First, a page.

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The Effect of Noise in a Performance Measure on Work Motivation

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  • Randolph Sloof

    ()
    (University of Amsterdam)

  • C. Mirjam van Praag

    ()
    (University of Amsterdam)

Abstract

This paper reports the results of an individual real effort laboratory experiment where subjects are paid for measured performance. Measured performance equals actual performance plus noise. We compare a stable environment where the noise is small with a volatile environment where the noise is large. Subjects exert significantly more effort in the volatile environment than in the stable environment. This finding is in line with standard agency theory and contrasts a distinct element of expectancy theory; noisier performance measures do not lower work motivation. This discussion paper has resulted in a publication in Labour Economics , 17(5), 751-65.

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Bibliographic Info

Paper provided by Tinbergen Institute in its series Tinbergen Institute Discussion Papers with number 08-074/1.

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Date of creation: 14 Aug 2008
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Handle: RePEc:dgr:uvatin:20080074

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Web page: http://www.tinbergen.nl

Related research

Keywords: Performance measurement; noise; work motivation; experiments; agency theory; expectancy theory;

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References

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  1. Randolph Sloof & Mirjam van Praag, 2007. "Performance Measurement, Expectancy and Agency Theory: An Experimental Study," Tinbergen Institute Discussion Papers 05-026/1, Tinbergen Institute, revised 22 Sep 2007.
  2. Eriksson, Tor & Poulsen, Anders & Villeval, Marie Claire, 2008. "Feedback and Incentives: Experimental Evidence," IZA Discussion Papers 3440, Institute for the Study of Labor (IZA).
  3. Ernst Fehr & Lorenz Götte, 2005. "Do Workers Work More if Wages are High? Evidence from a Randomized Field Experiment," IEW - Working Papers 125, Institute for Empirical Research in Economics - University of Zurich.
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  8. Ernst Fehr & David Huffman & Lorenz Goette, 2004. "Loss Aversion And Labor Supply," Method and Hist of Econ Thought 0409003, EconWPA.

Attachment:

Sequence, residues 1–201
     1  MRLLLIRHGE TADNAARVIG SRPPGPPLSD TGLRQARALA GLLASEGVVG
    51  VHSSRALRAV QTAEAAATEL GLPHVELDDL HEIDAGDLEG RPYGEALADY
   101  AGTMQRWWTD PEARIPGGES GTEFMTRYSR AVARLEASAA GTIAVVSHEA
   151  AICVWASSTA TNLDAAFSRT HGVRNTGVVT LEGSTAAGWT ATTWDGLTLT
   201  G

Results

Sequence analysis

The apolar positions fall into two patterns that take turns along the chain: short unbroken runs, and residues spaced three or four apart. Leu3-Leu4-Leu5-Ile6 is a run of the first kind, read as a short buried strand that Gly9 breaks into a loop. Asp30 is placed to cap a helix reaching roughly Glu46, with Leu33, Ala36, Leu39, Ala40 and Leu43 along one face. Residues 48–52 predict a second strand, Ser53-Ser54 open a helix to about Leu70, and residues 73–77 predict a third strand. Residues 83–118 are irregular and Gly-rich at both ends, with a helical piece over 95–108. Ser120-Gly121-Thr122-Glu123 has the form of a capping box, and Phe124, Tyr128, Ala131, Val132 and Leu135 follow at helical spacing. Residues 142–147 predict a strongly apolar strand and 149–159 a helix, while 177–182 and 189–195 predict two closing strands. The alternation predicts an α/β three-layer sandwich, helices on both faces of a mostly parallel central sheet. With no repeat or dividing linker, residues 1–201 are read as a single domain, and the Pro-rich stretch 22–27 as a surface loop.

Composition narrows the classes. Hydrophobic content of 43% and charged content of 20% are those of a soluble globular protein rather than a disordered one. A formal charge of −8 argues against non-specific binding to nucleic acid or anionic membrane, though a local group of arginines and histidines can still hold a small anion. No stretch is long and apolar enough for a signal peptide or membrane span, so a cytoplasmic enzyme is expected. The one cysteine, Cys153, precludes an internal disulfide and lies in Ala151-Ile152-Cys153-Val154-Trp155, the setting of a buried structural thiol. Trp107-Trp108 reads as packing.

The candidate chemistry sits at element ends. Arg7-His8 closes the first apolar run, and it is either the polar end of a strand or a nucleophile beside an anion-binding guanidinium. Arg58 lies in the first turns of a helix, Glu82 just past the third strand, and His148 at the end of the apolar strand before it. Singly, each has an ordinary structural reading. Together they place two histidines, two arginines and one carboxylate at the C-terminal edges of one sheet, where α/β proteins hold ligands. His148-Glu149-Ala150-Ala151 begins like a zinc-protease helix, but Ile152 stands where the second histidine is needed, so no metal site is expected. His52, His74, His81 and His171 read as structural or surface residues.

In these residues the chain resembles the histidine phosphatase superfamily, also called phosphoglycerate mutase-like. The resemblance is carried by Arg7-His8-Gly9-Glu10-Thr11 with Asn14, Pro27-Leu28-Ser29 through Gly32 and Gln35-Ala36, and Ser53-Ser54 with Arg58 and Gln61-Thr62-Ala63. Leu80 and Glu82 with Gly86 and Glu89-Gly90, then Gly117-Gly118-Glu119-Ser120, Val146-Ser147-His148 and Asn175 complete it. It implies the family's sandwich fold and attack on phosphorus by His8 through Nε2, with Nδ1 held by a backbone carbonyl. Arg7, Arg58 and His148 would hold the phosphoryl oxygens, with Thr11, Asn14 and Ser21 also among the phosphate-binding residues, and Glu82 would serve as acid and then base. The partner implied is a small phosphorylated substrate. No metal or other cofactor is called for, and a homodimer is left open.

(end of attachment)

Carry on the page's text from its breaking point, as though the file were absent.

9. Urs Fischbacher, 2007. "z-Tree: Zurich toolbox for ready-made economic experiments," Experimental Economics, Springer, vol. 10(2), pages 171-178, June.
  10. Henry S. Farber, 2005. "Is Tomorrow Another Day? The Labor Supply of New York City Cabdrivers," Journal of Political Economy, University of Chicago Press, vol. 113(1), pages 46-82, February.
  11. Muriel Niederle & Lise Vesterlund, 2005. "Do Women Shy Away From Competition? Do Men Compete Too Much?," NBER Working Papers 11474, National Bureau of Economic Research, Inc.
  12. George Baker, 2002. "Distortion and Risk in Optimal Incentive Contracts," Journal of Human Resources, University of Wisconsin Press, vol. 37(4), pages 728-751.
  13. Rothschild, Michael & Stiglitz, Joseph E., 1970. "Increasing risk: I. A definition," Journal of Economic Theory, Elsevier, vol. 2(3), pages 225-243, September.
  14. Camerer, Colin, et al, 1997. "Labor Supply of New York City Cabdrivers: One Day at a Time," The Quarterly Journal of Economics, MIT Press, vol. 112(2), pages 407-41, May.
  15. Mrinal Ghosh & George John, 2000. "Experimental Evidence for Agency Models of Salesforce Compensation," Marketing Science, INFORMS, vol. 19(4), pages 348-365, August.
  16. Zabojnik, Jan, 1996. "Pay-performance sensitivity and production uncertainty," Economics Letters, Elsevier, vol. 53(3), pages 291-296, December.
  17. David Godes, 2004. "Contracting Under Endogenous Risk," Quantitative Marketing and Economics, Springer, vol. 2(4), pages 321-345, December.
  18. Robert Gibbons, 2005. "Incentives Between Firms (and Within)," Management Science, INFORMS, vol. 51(1), pages 2-17, January.
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